So, in a nutshell:
A larger aperture means:
- A lower f-stop number
- A wider opening
- More light entering the camera
A narrow aperture means:
- A higher f-stop number
- A smaller opening
- Less light entering the camera
The Human Eye and Aperture in Photography
I think that the best way to understand aperture is to think about the human eye:
The pupil of the human eye is like the aperture of a camera lens. The pupil size will adjust to control the light entering the eye. In low-light conditions, the pupil will dilate or open up to allow more light to enter the eye. In bright light conditions, the pupil will constrict or become smaller to reduce the amount of light entering the eye.
Similarly, a larger aperture or wider opening in a camera will allow more light to enter the camera and create a shallower depth of field, resulting in a blurred background and a sharper subject.
Conversely, a smaller aperture or narrower opening will allow less light to enter the camera and create a deeper depth of field, resulting in a sharper background and a slightly less sharp subject.
Choosing the Right Aperture for Different Photography Scenarios
A wide aperture (a lower f-number) is useful in the following scenarios:
- When you want to achieve a shallow depth of field and blur the background, thus creating a bokeh effect.
- In natural light portrait photography, when you need all the available light but also want to separate the subject from the background.
- When shooting in low light conditions, a wide aperture lets in more light, allowing you to use a faster shutter speed and avoid camera shake.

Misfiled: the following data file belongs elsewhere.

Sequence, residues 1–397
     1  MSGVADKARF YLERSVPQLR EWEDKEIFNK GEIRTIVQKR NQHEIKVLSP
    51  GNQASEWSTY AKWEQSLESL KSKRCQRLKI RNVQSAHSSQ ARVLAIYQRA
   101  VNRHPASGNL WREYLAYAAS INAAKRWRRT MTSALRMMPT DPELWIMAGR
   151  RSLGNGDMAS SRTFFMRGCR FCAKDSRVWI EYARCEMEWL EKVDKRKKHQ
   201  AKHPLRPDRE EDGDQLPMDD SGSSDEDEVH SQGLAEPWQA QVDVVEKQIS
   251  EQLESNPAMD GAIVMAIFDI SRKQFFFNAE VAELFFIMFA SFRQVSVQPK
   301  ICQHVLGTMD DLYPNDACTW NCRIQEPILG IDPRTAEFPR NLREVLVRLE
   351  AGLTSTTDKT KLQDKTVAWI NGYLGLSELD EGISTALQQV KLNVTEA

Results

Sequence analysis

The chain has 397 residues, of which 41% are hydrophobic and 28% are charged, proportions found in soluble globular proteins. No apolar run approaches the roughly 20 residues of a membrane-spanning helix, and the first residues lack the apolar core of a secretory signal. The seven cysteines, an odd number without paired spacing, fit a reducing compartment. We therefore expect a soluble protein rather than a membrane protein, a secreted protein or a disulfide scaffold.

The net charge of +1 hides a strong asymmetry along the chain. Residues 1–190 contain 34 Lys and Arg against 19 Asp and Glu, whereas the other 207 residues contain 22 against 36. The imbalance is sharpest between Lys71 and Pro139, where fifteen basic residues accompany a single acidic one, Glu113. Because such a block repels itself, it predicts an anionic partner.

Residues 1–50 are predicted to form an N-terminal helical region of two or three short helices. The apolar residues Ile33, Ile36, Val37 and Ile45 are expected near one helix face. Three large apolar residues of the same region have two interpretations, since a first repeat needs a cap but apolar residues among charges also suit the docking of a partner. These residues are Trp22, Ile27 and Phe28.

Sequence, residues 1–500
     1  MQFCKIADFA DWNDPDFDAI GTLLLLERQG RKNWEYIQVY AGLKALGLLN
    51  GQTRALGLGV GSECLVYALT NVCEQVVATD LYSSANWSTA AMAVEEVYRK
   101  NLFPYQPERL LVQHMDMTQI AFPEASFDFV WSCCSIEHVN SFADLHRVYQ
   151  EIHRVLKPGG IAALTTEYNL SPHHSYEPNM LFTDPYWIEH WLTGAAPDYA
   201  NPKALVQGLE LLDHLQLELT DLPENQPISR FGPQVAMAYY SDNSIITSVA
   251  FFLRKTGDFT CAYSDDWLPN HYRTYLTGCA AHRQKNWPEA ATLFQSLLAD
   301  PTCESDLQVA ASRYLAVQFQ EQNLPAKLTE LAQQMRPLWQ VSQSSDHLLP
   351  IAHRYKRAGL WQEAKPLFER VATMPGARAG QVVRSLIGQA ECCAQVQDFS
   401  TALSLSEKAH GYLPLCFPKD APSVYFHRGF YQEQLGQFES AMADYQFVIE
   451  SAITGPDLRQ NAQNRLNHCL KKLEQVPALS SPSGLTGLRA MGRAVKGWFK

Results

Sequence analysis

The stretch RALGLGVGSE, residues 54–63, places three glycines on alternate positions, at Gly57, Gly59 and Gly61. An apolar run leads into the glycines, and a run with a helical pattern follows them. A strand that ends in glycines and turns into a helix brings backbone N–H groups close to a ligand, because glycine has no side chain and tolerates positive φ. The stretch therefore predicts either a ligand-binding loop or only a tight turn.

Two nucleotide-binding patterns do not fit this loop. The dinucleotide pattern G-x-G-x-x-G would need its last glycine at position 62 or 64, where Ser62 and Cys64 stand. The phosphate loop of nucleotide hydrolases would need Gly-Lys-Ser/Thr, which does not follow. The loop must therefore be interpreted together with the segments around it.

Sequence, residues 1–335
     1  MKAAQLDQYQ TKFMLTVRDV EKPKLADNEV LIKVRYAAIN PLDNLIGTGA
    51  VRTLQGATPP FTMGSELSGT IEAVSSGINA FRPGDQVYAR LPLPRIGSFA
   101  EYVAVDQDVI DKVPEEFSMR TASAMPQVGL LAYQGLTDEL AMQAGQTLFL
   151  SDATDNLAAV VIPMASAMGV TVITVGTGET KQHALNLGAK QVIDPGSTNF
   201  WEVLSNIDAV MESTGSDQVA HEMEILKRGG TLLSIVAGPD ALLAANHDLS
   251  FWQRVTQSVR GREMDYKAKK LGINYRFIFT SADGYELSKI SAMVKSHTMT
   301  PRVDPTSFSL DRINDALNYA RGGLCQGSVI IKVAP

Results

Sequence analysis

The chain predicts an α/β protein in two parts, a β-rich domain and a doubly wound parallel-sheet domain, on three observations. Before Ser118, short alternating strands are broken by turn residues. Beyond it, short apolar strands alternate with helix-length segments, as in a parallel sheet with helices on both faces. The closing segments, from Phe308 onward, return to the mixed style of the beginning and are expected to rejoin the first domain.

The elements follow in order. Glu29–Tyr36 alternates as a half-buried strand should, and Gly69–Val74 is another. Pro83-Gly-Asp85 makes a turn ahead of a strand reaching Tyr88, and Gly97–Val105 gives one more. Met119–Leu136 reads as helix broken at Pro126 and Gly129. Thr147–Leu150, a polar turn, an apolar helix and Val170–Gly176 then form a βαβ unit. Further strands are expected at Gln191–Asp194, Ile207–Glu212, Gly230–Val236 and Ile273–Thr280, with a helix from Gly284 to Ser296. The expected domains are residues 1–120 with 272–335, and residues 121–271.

- When you want to freeze the motion of a fast-moving subject, a wide aperture combined with a fast shutter speed can help achieve a burst effect.
- In long-exposure photography, a wide aperture can capture the subject’s movement or create light trails or paintings.
A narrow aperture (a higher f-number) is useful in the following scenarios:
- A narrow aperture for landscape images can help capture a wider depth of field, keeping the foreground and background in focus.
- In macro photography, a narrow aperture can help achieve a greater depth of field, keeping more of the subject in focus.
- To create a sunburst effect, a narrow aperture combined with a strong light source can make a starburst pattern around the light source.
- A narrow aperture in still-life and product photography can keep the subject focused and sharp.
A medium aperture is useful in the following scenarios:
- When photographing a group of people, I suggest a medium aperture that can help achieve a balance between keeping everyone in focus and blurring the background slightly.
- In low-light landscapes, you can use a medium aperture to capture a balance between the depth of field and the amount of light entering the camera.
- When photographing slow-moving wildlife, a medium aperture can help keep the subject focused while creating a pleasing background blur.
Aperture Photography FAQs
What Is the Perfect Aperture for Portraits?
Generally, a wide aperture (low f-number) is used to achieve a shallow depth of field, which can help to blur the background.
Since a wider aperture has a smaller area of focus, you need to ensure that the focus is on the subject’s eyes. The best aperture range for portrait photography is f/1.4 to f/5.6.
At What Aperture Is Everything in Focus?
The aperture at which everything in the frame is focused is called the “hyperfocal distance“.
This distance varies depending on the lens’s focal length, aperture, and distance from the subject. Typically, using a smaller aperture (higher f-number) increases the depth of field, making more of the scene appear in focus.
However, it’s important to note that using too small of an aperture can result in diffraction, which can decrease overall image sharpness.
Does a Higher Aperture Mean Less Light?
A higher aperture value (e.g., f/16) means a smaller opening in the lens, which lets in less light; this can be compensated for by increasing the ISO or slowing down the shutter speed, but both options can have drawbacks.
At What Aperture Is My Lens the Sharpest?